Not to impugne your taste in music and literature, but I could literally list a dozen other artists and authors who fit the bill better in that regard. But again, I will concede the point that they are fine examples of Southern culture and heritage. 

However, one cannot simply pick and choose Southern culture or any of its aspects, either good or bad...or if you define them as "good or bad" respectively.  

But, please, don't fly the flag. Yes, it's a part of our history but in no way does it represent the best of Southern heritage.

Today, in the hands of those who honor it, that flag represents a group of dedicated Southern people of all races and religions, Confederate descendants and Southern born, who have chosen to take a noble and heroic stand against both white supremacist ideology and political correct cultural fascism. 

In rejecting both like-minded ideals which seek to divide the Southern people and force conformity of thought onto said groups, those Confederate heritage activists are boldly telling the haters that nobody defines what it means to be Southern but us and us alone. 

That is true moral courage! Taking back from hate what it has no claim to....and not just a flag, but all of our individual identities. Out very souls! 

Your way, to pick and choose, to condemn and surrender, is not courage and its not being Southern...it's just moral cowardice. Period. 

Well, there you have it folks. Once again a Leftist ideologue gets schooled by The Man The Deniers Fear Most. Once again, I was proud to take a moral stand for Southern and Confederate historical heritage, as well as dish out a little Southern Fried Common Sense. 

Y'all have a good day. See ya next month...which ironically is tomorrow. Peace out!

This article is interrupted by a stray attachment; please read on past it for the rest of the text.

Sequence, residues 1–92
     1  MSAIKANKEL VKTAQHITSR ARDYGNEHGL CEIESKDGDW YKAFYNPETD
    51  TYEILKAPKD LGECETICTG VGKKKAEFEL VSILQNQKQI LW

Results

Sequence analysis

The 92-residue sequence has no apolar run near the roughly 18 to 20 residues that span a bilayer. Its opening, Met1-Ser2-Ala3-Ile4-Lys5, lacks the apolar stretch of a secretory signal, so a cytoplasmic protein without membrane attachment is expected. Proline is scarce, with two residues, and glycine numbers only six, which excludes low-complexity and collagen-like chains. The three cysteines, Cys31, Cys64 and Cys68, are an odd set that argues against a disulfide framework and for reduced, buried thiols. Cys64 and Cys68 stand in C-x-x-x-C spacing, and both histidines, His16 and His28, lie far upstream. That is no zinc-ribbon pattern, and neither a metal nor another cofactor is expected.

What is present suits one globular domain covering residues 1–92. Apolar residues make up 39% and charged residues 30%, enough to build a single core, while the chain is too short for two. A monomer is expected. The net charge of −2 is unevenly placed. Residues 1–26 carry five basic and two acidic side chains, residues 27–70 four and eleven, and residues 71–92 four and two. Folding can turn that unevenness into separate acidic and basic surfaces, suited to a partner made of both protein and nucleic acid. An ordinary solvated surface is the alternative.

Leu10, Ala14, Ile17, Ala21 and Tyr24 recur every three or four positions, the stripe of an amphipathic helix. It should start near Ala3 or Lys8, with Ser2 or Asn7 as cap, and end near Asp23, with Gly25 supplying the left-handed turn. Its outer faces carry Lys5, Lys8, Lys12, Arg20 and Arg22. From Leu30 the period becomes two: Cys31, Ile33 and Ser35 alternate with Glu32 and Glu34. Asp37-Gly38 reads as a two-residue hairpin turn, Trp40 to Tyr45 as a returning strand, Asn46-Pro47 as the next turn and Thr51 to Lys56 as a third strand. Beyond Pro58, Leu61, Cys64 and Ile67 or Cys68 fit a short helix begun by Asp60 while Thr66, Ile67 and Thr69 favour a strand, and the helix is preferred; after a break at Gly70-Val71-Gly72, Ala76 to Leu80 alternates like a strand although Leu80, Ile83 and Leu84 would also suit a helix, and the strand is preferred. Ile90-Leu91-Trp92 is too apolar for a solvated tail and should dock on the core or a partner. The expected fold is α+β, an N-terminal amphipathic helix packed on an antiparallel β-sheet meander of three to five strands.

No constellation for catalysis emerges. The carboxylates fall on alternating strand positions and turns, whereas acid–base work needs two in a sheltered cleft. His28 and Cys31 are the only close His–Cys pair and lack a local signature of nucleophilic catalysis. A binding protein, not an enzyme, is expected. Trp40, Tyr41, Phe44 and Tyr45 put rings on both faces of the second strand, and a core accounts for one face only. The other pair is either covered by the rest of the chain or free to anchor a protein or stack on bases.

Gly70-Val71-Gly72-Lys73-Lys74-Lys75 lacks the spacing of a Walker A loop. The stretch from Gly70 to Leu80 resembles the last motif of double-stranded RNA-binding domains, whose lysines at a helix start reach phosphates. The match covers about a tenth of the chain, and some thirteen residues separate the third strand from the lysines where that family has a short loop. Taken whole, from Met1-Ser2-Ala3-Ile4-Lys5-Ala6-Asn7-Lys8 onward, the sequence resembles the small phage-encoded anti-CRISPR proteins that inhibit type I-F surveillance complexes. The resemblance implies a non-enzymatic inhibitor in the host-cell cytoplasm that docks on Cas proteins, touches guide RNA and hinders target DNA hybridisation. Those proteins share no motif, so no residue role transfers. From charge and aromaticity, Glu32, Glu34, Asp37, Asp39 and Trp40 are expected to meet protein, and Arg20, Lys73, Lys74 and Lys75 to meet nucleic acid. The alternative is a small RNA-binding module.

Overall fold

Saturday, September 26, 2015

Twenty-Sixth Anniversary Of Hurricane Hugo


This week in South Carolina history, twenty-six years ago on September 22, 1989, the Category 4 Hurricane Hugo made landfall on the Isle of Palms just north of the city of Charleston around midnight. With estimated maximum winds of 140-145 mph, Hugo produced significant wind and storm damage along the coast and even produced hurricane force wind gusts several hundred miles inland into western North Carolina. Hugo produced the highest storm tide heights every recorded along the US East Coast, around 20 feet in Bulls Bay, SC. 

At the time, Hugo was the strongest storm to strike the United States in the previous 20-years and was the most costly hurricane on record in terms of monetary losses of around 10 billion dollars in damages. It is also estimated that there were 107 deaths directly associated with the storm and its aftermath in the US, Puerto Rico, and the US Virgin Islands. 

I was thirteen years old when the hurricane hit. Though I live four hours from Charleston, my part of South Carolina was effected by Hugo - which remained a stable hurricane with an eye this far inland! It was a night and an experience this blogger will never forget, nor ever expected to have. I don't remember being too afraid: I actually fell asleep not long after the eye of the storm passed over. But I do remember the trees bending over, almost as if ready to break in half. Many trees in my town and the surrounding area did fall over blocking roads and destroying power lines. 




I don't believe that anyone who lived though Hugo will ever forget the experience. Since then we have had some near misses, but no major story systems landing on the South Carolina coastline. 

The question however is not so much if, but when will another major hurricane hit South Carolina the way Hugo did? My hope is no time soon.

UPDATE! 10-01-2015


Well folks, looks like Hurricane Joaquin came along and proved me wrong on that last line (although technically it did not make landfall like Hugo did). Thoughts and prayers go out to those in the South Carolina lowcountry affected by floods related to the recent storms.